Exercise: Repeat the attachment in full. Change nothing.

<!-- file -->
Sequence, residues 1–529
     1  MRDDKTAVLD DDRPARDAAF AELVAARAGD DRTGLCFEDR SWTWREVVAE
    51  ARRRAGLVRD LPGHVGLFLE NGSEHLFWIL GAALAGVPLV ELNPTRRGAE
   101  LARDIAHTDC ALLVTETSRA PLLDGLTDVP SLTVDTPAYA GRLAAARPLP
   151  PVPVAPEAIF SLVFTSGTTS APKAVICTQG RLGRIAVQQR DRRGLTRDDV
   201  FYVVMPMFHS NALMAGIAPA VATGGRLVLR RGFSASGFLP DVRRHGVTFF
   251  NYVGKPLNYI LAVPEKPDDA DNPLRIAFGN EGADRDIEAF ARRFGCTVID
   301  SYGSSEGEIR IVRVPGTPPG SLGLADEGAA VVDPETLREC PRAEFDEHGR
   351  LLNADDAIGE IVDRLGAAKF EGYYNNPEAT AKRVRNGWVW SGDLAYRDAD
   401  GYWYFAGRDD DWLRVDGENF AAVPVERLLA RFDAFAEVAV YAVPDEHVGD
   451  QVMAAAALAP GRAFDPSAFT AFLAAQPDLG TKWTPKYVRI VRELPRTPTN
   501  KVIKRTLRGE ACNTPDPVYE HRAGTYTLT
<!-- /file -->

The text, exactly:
Sequence, residues 1–529
     1  MRDDKTAVLD DDRPARDAAF AELVAARAGD DRTGLCFEDR SWTWREVVAE
    51  ARRRAGLVRD LPGHVGLFLE NGSEHLFWIL GAALAGVPLV ELNPTRRGAE
   101  LARDIAHTDC ALLVTETSRA PLLDGLTDVP SLTVDTPAYA GRLAAARPLP
   151  PVPVAPEAIF SLVFTSGTTS APKAVICTQG RLGRIAVQQR DRRGLTRDDV
   201  FYVVMPMFHS NALMAGIAPA VATGGRLVLR RGFSASGFLP DVRRHGVTFF
   251  NYVGKPLNYI LAVPEKPDDA DNPLRIAFGN EGADRDIEAF ARRFGCTVID
   301  SYGSSEGEIR IVRVPGTPPG SLGLADEGAA VVDPETLREC PRAEFDEHGR
   351  LLNADDAIGE IVDRLGAAKF EGYYNNPEAT AKRVRNGWVW SGDLAYRDAD
   401  GYWYFAGRDD DWLRVDGENF AAVPVERLLA RFDAFAEVAV YAVPDEHVGD
   451  QVMAAAALAP GRAFDPSAFT AFLAAQPDLG TKWTPKYVRI VRELPRTPTN
   501  KVIKRTLRGE ACNTPDPVYE HRAGTYTLT